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The human flaw that costs billions
People often make decisions by relying on intuition, which at times leads to costly mistakes. Read this post to understand how to overcome this very human flaw through data-driven decision making.
A common advice in decision making is to embrace gut feelings, and leaders are often lauded on their ability to quickly evaluate situations and to spontaneously act. The notion of embracing gut feelings is deeply ingrained in Western culture, with Greek philosophers promoting intuition and experience as the foundation of reasoning. The creative benefits of intuition are evident, but does gut feeling truly lead to successful outcomes?
The famous Moore’s law predicted correctly that the cost of computers would decrease steadily as years go by. A recent publication has shown that an inverse trend, dubbed Eroom’s law, applies for the rising costs the R&D process in the pharmaceutical industry. As shown in the figure below, the number of new drugs produced per $ billion investment in R&D has been consistently decreasing since the 1950s.
Figure 1. Visualization of Eroom’s law, showing the decreasing number of new drugs produced over the years per $ billion investment. Reproduced from original source.
The very real cost of uncertainty
The drug development process in the pharmaceutical industry provides a concrete example of the opportunity cost of intuitive decision making. Many pharmaceutical companies decide in a meeting room which candidates should receive further investment, after consulting PowerPoint presentations and reports. This strategy is hit and miss at best, with only one in 10 drug candidates ultimately being approved by regulatory agencies. The financial impact of these missteps is massive, with billions of dollars poured into the development of compounds that turn out to be ineffective. As an example, a drug candidate designed to treat Alzheimer’s, developed by the pharmaceutical company Biogen, recently failed the approval process by the federal drug administration (FDA), resulting in a loss of $18 billion. Advances in data-driven decision making, empowered by deep learning techniques, enable companies to analyze the failures and successes of the past and to select better leads in the future.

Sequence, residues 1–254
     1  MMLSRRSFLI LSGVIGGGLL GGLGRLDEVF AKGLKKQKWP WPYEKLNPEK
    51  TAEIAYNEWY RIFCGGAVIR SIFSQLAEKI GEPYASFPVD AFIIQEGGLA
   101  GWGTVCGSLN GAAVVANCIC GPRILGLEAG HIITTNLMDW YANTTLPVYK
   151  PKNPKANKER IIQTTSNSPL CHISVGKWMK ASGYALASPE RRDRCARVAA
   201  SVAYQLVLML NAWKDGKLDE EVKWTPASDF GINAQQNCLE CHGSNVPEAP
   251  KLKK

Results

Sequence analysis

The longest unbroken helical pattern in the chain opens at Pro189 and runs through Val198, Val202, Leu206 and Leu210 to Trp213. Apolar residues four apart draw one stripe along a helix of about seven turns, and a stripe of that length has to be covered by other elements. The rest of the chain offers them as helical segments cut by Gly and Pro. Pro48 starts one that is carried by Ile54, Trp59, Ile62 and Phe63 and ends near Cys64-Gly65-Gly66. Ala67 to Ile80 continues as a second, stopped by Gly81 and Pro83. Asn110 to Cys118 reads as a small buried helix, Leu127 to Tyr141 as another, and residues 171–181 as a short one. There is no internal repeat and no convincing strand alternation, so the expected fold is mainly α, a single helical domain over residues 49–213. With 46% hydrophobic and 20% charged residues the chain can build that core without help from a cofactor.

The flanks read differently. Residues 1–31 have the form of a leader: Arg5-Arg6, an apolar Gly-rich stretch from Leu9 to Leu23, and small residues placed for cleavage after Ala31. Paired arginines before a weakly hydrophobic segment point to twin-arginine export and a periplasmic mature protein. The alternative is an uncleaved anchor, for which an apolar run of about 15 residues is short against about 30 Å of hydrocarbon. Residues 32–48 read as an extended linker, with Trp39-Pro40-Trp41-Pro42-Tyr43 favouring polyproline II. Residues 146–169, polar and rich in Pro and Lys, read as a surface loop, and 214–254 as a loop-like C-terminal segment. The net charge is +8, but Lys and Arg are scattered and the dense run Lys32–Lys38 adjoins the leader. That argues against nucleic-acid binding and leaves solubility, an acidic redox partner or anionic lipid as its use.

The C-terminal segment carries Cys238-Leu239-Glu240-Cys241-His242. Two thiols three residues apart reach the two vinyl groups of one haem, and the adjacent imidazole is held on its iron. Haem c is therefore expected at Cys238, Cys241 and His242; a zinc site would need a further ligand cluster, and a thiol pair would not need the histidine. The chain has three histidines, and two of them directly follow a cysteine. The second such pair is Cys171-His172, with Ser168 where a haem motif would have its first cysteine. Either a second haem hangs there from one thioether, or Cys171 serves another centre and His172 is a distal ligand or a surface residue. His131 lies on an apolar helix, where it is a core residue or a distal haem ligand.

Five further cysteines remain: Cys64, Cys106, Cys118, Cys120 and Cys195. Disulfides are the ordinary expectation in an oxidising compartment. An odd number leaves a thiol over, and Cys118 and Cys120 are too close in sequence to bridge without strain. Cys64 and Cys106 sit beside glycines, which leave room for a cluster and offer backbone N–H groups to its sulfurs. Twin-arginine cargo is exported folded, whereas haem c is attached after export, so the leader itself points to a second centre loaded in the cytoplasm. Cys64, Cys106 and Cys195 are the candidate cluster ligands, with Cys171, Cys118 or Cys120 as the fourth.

Putting data in the driver’s seat
Foreseeing the outcome of decisions, such as the success of chosen drug candidates, is incredibly complex, and it is clear that intuition alone is a poor predictor of success. The solution to overcome this human flaw is to leverage as much data as possible during the decision making process. Data-driven decisions are less likely to be influenced by human biases, such as previous experiences, emotions, and mental states, and thus have a higher rate of success. In the case of the pharmaceutical industry, a move towards data-driven decision making involves relying on more detailed clinical trial data, using cutting-edge computational techniques to model the behavior of compounds. The goal is to make decisions that are heavily informed by patterns observed in the data.
Supporting a data-driven strategy
Organizations can reap the benefits of a data-driven strategy by adopting a number of key principles, including the following crucial points.
Foster a data culture
A crucial step in supporting a data-driven strategy is making sure that teams are on board with this mindset shift. While some team members may not be completely aware of the importance of data in day-to-day operations, surveys show that the development of a data-driven culture is one of the top priorities for many companies. Organizations can encourage the establishment of a data-driven culture by ensuring that lines of communication remain open between data scientists and the rest of the business, thus connecting data and decision making.
Establish data-driven indicators
To show the benefits of putting data at the center of the organization, it is important to develop data-driven key performance indicators (KPIs). These are measures that track the success of an organization’s strategy, revealing what works and what needs improvement. Examples of data-driven KPIs include sales by region, which shows the most promising locations for business, and transportation costs, which highlights logistical aspects that could be optimized. Each organization must select KPIs that are useful within their particular context, but the point is to leverage data in order to make informed business decisions.
Build a data foundation
On a technology level, a data-driven strategy is supported by the adoption of tools that capture, standardize, and store large amounts of data. The ideal choice is a solution that is capable of taking in all of the data from an organization, structuring this information and making it available for further analysis. If data is easy to work with, a business can quickly uncover valuable insights. ZONTAL offers a digital hub that accomplishes just that, providing powerful ways of consuming, managing, and analyzing data.
An intelligent use of data
In addition to enabling informed decisions, a company with a solid data-driven strategy offers another perk. Namely, by having abundant, high-quality data, an organization becomes automatically AI-enabled. In turn, the use of approaches such as machine learning, natural language processing, and computer vision can reduce costs considerably. In the pharmaceutical industry, for example, AI can extensively assist with R&D, potentially saving billions a year. Data undoubtedly trumps intuition, and it should be the top priority of any company that wishes to remain competitive. Read our whitepaper on data centricity to learn more about leveraging your information assets, and feel free to contact our experts anytime for additional recommendations.